Summer is here, people! New York is fully immersed in the season, right down to the thunderstorms, torrential flash floods and fluctuating mugginess. There's good stuff, too, like free outdoor movies, striped shirts and even sunny days!
High up on my list of good stuff, as you already know, sits that caffeinated seasonal wonder: iced coffee. I've figured out my perfect formula for iced coffee at home (your mileage may, no doubt, vary), so I thought I'd share a recipe of sorts with you. It's mostly proportionate, since everyone has differently-sized coffee makers. I do recommend going with French press or pour-over coffee (like that made with a Chemex), since it will be both richer and less bitter.
And don't forget the coffee ice cubes! I typically make an extra pot of the same-strength coffee and freeze it in a designated tray, then pop the cubes out individually when it comes time to drink and enjoy. And if you like your coffee sweet, you'll want to scroll on down to the simple syrup recipe. Granulated sinks to the bottom, but syrup mixes right in.
Queenie's Homemade Iced Coffee
Your favorite coffee beans, ground
Half and half, if you wish
Simple syrup (recipe follows)
This isn't really so much a recipe as a method. Make a pot of coffee with about 25% more coffee beans than you normally would. (For example, to make a full pot in my little French press, I use four scoops. To make my iced coffee and iced coffee cubes, I use five.)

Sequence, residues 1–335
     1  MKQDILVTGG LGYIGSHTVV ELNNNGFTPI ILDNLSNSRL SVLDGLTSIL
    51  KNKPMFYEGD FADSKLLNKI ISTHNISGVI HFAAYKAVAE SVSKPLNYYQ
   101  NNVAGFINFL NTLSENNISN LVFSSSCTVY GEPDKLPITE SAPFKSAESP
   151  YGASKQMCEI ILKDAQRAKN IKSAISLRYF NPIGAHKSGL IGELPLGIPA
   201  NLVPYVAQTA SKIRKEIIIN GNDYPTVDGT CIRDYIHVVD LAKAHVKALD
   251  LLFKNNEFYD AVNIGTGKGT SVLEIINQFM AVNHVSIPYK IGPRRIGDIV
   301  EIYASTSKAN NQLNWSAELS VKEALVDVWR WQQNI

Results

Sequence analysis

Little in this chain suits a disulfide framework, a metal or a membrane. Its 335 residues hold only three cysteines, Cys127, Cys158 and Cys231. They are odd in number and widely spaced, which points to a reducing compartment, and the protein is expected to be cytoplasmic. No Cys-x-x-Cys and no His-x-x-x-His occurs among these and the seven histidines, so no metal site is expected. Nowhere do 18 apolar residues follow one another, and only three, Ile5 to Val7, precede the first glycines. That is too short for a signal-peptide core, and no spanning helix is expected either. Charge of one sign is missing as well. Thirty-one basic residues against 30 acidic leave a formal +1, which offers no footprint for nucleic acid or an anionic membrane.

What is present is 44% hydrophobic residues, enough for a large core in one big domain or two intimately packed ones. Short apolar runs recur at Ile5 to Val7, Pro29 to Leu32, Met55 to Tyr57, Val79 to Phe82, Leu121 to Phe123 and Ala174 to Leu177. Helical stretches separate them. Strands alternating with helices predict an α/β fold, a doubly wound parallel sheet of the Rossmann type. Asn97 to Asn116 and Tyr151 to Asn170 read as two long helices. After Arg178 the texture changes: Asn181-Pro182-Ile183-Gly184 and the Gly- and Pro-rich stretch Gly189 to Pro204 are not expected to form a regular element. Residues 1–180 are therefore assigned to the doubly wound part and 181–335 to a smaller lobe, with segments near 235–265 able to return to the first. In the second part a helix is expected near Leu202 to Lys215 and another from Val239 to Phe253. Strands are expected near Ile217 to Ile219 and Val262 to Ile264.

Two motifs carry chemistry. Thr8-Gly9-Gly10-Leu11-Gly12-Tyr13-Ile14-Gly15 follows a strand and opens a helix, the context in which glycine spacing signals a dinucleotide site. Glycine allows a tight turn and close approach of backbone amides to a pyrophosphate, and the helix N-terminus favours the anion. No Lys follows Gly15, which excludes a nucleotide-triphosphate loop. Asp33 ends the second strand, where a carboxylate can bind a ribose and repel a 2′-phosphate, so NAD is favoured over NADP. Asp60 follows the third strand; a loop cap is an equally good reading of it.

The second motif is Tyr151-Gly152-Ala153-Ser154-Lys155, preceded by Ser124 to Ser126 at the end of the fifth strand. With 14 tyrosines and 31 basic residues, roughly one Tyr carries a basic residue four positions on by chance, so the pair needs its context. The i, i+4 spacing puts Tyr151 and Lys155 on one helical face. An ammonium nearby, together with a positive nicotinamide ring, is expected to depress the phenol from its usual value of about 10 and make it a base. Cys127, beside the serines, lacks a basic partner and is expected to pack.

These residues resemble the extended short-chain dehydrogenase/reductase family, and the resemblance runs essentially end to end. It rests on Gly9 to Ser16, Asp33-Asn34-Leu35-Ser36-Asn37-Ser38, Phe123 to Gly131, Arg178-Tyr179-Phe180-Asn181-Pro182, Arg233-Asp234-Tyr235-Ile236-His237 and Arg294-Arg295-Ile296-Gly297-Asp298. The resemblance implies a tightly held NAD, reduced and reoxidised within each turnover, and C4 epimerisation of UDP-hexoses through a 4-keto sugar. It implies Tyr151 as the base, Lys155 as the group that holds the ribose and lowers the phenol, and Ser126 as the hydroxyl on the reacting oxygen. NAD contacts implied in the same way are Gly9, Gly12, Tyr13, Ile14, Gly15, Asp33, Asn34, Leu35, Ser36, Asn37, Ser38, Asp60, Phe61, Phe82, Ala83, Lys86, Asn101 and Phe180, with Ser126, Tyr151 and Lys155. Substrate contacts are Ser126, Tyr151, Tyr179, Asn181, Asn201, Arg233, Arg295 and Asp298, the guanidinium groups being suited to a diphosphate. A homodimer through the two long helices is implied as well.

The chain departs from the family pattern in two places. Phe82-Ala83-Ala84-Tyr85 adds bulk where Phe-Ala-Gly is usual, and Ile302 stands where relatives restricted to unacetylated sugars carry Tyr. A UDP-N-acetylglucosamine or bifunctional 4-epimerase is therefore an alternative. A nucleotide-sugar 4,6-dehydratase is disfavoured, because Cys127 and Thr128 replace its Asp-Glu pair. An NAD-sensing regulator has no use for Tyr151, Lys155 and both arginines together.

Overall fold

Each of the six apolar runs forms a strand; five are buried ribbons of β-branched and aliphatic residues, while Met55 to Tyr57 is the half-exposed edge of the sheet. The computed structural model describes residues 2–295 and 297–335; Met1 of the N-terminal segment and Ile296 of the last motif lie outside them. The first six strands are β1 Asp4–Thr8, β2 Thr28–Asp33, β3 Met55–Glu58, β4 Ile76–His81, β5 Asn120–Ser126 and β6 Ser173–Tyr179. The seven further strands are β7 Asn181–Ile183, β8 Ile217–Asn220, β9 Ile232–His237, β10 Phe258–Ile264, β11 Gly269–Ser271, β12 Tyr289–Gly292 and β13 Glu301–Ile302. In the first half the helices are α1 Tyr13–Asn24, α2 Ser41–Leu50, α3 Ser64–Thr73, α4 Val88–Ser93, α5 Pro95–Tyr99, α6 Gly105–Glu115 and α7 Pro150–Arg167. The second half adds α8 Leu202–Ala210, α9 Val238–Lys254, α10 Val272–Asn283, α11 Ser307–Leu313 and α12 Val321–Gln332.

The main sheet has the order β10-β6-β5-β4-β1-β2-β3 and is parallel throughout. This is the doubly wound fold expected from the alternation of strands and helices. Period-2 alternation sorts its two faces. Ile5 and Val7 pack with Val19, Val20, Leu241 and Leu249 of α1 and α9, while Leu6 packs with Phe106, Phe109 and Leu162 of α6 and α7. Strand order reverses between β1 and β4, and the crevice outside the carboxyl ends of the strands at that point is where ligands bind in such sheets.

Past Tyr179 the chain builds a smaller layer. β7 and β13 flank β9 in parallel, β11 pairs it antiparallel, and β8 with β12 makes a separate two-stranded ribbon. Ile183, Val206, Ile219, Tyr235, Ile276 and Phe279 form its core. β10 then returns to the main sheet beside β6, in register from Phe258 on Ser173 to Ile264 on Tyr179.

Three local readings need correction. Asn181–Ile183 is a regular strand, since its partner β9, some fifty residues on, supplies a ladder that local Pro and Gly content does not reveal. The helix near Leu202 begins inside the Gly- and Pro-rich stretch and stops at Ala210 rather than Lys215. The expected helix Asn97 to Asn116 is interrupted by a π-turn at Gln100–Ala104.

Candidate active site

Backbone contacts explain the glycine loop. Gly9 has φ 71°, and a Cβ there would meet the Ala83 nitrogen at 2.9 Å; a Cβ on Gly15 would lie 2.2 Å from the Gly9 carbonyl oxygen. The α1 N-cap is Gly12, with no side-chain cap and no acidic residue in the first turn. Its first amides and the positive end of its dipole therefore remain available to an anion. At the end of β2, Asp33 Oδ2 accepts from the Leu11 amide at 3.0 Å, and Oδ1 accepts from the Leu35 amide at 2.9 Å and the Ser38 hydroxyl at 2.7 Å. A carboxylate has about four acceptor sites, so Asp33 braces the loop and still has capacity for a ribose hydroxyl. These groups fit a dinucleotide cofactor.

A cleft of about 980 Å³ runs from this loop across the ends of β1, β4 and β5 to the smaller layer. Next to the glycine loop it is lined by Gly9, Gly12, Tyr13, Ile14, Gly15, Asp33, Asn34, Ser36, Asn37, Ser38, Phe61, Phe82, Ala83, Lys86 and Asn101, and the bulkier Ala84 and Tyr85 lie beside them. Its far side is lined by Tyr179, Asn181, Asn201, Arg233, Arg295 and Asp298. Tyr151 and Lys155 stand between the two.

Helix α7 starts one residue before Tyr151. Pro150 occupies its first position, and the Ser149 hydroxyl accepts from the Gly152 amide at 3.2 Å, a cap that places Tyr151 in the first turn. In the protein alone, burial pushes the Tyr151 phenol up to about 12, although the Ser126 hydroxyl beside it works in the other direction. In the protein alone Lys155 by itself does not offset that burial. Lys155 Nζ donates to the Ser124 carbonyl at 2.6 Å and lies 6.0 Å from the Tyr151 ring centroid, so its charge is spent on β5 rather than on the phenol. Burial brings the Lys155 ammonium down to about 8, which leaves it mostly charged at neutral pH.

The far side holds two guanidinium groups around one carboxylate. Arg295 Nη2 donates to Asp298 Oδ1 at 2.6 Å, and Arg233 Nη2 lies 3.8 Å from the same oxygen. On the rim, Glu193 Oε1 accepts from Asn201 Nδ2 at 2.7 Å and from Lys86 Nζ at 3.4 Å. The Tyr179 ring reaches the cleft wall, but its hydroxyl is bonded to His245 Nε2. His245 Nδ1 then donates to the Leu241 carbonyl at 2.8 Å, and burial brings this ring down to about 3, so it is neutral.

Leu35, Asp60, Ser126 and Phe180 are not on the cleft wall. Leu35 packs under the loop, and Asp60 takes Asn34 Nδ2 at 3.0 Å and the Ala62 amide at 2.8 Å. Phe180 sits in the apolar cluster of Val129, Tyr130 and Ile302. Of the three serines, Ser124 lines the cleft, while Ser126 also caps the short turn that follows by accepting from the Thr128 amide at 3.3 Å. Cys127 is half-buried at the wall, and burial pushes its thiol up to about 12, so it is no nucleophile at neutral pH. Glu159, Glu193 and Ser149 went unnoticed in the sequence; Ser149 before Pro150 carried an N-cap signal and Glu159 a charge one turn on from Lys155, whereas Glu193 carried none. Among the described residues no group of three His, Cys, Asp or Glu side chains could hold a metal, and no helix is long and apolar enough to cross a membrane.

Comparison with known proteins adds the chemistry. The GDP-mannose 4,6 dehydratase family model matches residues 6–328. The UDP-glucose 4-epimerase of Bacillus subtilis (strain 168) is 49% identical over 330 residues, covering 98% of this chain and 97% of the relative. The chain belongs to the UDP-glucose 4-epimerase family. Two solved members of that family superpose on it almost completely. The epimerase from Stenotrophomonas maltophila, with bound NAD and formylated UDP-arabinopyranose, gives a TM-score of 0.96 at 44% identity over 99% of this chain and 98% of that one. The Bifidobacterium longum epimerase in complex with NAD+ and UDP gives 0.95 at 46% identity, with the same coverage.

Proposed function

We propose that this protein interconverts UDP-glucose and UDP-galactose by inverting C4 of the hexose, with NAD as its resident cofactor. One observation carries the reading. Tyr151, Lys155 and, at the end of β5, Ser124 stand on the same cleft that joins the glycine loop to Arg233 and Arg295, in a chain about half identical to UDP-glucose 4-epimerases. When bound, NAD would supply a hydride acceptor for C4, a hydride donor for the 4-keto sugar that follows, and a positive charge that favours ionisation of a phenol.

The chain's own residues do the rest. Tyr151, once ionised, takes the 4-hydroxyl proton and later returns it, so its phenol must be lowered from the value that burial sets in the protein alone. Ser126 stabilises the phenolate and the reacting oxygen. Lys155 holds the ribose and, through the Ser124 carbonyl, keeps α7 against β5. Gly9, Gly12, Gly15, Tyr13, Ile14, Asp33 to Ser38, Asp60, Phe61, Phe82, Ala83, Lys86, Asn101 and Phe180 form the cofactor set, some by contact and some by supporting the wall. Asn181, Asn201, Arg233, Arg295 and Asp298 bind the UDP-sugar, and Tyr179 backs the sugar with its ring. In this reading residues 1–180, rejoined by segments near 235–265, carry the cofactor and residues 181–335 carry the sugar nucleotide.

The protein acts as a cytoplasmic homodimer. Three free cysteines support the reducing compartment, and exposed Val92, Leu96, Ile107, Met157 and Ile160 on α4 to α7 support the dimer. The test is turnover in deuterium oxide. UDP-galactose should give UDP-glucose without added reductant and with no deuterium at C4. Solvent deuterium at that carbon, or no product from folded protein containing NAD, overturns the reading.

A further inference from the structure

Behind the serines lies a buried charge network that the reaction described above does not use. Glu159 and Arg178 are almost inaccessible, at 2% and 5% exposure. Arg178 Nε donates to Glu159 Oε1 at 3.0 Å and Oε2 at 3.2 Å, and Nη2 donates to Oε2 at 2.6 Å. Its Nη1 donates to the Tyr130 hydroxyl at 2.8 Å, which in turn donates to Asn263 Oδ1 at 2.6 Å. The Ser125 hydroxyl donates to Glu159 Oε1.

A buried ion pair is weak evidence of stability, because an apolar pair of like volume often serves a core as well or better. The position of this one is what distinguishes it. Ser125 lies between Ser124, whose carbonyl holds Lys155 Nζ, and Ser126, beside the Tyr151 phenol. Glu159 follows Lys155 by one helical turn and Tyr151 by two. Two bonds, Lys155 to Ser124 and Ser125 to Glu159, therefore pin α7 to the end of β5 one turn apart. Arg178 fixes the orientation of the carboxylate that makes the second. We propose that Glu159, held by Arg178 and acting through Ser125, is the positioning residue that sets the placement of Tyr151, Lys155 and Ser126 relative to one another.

Pour the coffee into a mason jar and allow to cool on the counter. Once it's a reasonable temperature (not too steamy), close up the jar and place it in the fridge to chill.
Pour into a glass (leave room for ice) and doctor as you wish with half and half and simple syrup. Add ice (or coffee ice cubes) and enjoy the caffeinated refreshment.
1 cup sugar (either granulated or Turbinado)
1 cup water
In a small saucepan, mix together the sugar and water with a wooden spoon. Turn on the heat to medium-low and gently cook the sugar into the water, stirring occasionally until it is completely dissolved. Allow to cool and pour into a container. Store in the fridge for up to two months.